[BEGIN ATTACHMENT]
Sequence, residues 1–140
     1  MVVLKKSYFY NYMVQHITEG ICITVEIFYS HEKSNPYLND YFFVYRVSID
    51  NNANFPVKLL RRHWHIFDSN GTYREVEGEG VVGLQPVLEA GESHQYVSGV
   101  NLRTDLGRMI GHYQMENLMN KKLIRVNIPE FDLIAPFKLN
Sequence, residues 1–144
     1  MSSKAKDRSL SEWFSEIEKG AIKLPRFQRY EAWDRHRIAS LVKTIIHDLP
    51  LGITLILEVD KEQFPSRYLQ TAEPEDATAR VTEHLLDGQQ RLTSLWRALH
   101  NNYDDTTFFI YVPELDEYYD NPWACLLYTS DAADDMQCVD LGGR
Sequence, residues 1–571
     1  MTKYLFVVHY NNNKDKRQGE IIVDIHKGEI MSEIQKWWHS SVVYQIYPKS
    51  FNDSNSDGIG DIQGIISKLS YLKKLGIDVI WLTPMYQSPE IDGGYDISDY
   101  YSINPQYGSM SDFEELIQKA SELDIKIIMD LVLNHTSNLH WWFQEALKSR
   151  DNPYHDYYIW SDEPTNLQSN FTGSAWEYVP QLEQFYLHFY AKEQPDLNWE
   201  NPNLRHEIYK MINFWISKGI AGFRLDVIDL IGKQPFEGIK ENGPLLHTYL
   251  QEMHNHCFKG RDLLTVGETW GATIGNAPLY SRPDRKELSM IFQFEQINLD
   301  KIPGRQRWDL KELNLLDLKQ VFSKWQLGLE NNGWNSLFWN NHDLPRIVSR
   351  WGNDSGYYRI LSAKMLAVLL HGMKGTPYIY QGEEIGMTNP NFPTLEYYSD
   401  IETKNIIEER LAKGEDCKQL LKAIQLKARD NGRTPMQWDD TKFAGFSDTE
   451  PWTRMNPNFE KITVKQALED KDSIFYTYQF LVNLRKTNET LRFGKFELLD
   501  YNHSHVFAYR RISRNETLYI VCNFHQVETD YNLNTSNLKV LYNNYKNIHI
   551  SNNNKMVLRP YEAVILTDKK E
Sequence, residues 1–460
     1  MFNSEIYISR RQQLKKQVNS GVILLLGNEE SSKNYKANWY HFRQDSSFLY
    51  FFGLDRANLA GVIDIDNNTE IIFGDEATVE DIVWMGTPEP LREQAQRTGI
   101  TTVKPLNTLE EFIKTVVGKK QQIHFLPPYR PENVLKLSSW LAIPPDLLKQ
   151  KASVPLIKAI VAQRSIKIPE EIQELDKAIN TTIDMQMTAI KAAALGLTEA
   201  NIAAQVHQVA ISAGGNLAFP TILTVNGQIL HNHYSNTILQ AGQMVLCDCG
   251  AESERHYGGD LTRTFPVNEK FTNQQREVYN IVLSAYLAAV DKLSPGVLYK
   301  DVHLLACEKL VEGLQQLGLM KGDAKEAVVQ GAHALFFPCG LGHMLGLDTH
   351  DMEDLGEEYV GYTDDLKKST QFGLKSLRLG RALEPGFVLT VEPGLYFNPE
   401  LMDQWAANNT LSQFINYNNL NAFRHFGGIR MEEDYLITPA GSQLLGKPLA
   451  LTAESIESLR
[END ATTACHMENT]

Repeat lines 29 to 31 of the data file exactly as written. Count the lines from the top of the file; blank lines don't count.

   301  DVHLLACEKL VEGLQQLGLM KGDAKEAVVQ GAHALFFPCG LGHMLGLDTH
   351  DMEDLGEEYV GYTDDLKKST QFGLKSLRLG RALEPGFVLT VEPGLYFNPE
   401  LMDQWAANNT LSQFINYNNL NAFRHFGGIR MEEDYLITPA GSQLLGKPLA